2016 Buccaneers’ Draft Profile: DE Emmanuel Ogbah

Nov 7, 2015; Stillwater, OK, USA; Oklahoma State Cowboys defensive end Emmanuel Ogbah (38) after the game against the TCU Horned Frogs at Boone Pickens Stadium. OSU won 49-29. Mandatory Credit: Rob Ferguson-USA TODAY Sports
Nov 7, 2015; Stillwater, OK, USA; Oklahoma State Cowboys defensive end Emmanuel Ogbah (38) after the game against the TCU Horned Frogs at Boone Pickens Stadium. OSU won 49-29. Mandatory Credit: Rob Ferguson-USA TODAY Sports /

The Buccaneers need help with their pass rush, and Emmanuel Ogbah is making a pre-draft visit.  We profile the defensive end here.

The pre-draft prep season is in full swing, and the Buccaneers have a team to build.  6-10 was a good first step, and Bucs Nation has bigger things on their minds as we head into the 2016 season.  The draft is the time to re-tool the roster and infuse young talent, ready to wear the Pewter for years to come.

More from The Pewter Plank

The Bucs need a pass rusher, and one has a visit to Tampa on their schedule.  Emmanuel Ogbah, formerly of Oklahoma State, is going to be meeting with the team, according to Pro Football Talk, who spoke with him during this past week.

Let’s continue with our profile series, and take a look at the young man.  Here are his college stats:

Defense & Fumbles

TacklesDef IntFumbles
*2013Oklahoma StateBig 12FRDE13155206.04.0000010
*2014Oklahoma StateBig 12SODE1338125013.010.0000502
2015Oklahoma StateBig 12JRDE1342216316.512.5000413
CareerOklahoma State953813335.526.5000925

It is not hard to tell that this player has lived in the offensive backfield over the last two seasons.  19.5 TFL’s and 22.5 sacks tell the story there.  Now let’s have a look at the measurable, and his performance at the combine:


HEIGHT: 6’4″


HANDS: 10″


For anyone that is interested in comparing the size of players, his arms are a good 1.5″ longer than the arms of J.J. Watt.  His height and weight compare similarly to Charles Johnson of the Panthers.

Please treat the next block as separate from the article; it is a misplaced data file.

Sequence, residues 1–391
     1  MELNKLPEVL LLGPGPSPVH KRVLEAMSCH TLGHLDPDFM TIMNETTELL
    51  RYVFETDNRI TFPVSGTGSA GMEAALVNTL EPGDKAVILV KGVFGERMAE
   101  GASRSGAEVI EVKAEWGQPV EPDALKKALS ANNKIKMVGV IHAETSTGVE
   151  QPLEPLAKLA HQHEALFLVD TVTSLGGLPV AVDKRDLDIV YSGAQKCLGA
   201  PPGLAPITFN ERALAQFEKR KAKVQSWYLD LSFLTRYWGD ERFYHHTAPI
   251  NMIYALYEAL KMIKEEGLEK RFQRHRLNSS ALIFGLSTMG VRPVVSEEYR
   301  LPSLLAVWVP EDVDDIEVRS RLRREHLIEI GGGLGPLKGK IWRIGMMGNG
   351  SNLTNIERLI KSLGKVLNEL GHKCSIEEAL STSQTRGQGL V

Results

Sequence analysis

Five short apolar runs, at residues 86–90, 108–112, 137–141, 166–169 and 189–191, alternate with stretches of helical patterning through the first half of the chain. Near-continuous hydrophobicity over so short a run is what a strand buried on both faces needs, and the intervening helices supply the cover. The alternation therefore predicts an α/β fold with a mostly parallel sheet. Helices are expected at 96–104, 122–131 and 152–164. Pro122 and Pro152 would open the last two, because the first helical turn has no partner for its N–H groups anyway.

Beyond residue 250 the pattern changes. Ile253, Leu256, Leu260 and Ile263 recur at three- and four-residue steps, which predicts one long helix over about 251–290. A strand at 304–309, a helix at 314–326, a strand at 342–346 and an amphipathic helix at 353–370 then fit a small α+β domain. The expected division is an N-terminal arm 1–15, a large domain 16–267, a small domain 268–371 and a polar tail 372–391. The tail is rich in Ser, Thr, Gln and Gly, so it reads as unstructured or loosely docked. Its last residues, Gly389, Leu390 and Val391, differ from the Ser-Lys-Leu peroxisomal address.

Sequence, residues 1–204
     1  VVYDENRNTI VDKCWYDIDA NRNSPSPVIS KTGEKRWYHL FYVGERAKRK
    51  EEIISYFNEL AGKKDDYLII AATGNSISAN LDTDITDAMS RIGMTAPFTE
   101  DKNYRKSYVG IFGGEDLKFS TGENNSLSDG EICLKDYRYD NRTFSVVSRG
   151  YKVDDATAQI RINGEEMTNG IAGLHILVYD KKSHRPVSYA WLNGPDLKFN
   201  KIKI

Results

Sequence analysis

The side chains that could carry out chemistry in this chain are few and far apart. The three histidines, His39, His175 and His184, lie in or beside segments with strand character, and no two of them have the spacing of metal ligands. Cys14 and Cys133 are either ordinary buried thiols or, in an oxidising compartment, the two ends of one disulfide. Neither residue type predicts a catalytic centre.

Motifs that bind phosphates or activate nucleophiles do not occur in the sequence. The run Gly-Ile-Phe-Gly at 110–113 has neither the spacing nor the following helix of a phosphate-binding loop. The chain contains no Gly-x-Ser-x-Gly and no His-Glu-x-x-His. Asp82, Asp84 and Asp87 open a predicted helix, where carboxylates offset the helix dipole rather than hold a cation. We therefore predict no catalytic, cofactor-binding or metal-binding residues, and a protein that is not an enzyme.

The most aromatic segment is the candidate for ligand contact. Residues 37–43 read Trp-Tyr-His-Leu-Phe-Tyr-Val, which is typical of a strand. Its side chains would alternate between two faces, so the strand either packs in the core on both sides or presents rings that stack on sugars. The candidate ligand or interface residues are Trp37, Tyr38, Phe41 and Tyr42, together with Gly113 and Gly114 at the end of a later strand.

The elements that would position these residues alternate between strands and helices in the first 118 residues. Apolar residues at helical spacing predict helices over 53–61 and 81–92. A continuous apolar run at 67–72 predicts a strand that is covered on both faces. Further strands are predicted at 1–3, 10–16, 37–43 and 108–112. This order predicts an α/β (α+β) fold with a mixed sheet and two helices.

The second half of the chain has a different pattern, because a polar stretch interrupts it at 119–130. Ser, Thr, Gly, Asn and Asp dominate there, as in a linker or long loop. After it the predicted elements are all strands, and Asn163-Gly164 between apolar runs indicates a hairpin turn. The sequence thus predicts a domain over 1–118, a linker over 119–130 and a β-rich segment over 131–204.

At the combine, Ogbah shined, posting top figures in the Forty Yard Dash, Vertical Jump, and Broad Jump.  Here are the experts comments from his draft profile:

"Strengths: Thick, powerful frame with broad shoulders. Came into school undersized but has grown into his frame with weight work. Able to absorb contact and play through it. Tough for linemen to redirect and is too much for tight ends one­-on-­one against the run. Some of the most power hand slaps you will find in college football. Able to brush away a weak punch with ease. At times, flashes unusual ability to trim the edge with power over speed. Uses power and a late rip move to win around corner. Plus speed­-to-­power rusher who created instant bull rush movement. Has power to win at the point of attack and capture the neutral zone while posting consistent production. Has posted a full sack or more in 16 of his last 21 games and finished 2015 with 17.5 tackles for losses. Has played both end positions, bumped inside and plays with a hand up and down.Weaknesses: Shows some stiffness in his hips and is not a dynamic athlete. Inconsistent awareness. Reaction time can be quick, but awareness of developing plays needs improvement. Short-­circuits his point of attack power when he turns his shoulders and gets washed down. Limited stride length hurts upfield burst. One speed pass rusher who is easy to find. Unable to burn the edges with quickness. Needs to disengage more quickly from bull rushes. Could stand to step up his motor and pursuit effort."

Well, that’s enough for the straight talk.  Let’s look at some tape and we will talk on the other side.

Ogbah’s speed is undeniable.  If he beats his man off of the line, and can use his long arms to move him to the side, he is in the backfield before anyone knows the difference.  There is one play, early in the Baylor tape, where he comes from the other side of the field.  It’s no wonder that he has posted so many TFL’s and sacks.  He gets back there quickly and can close.

Where Ogbah runs into a problem is when he can’t beat his man with sheer speed and arms.  NFL tackles are not going to be beaten with a first step too often.  A pass rusher needs to be able to crouch and display a wide variety of pass rush moves to counteract his opponent.  Even on the tape shown here, if he meets a guy head-on, the offensive player can keep him at bay, because he is the one with the leverage, not Ogbah.  Ogbah plays too straight up, so he has nothing he can do once the guy gets his hands on him.  That will not serve him well because NFL linemen know all the speed guys.  A tackle with even an average slide step will give Ogbah fits.

Next: Potential Mid-Round Buccaneers

There is a reason his grade seems to be one of a low first round to early second round.  First round might be a bit too high.  If I were Jason Licht, I wouldn’t look at this guy at number nine, but I would give him some thought at 38.

What say you, Bucs Nation?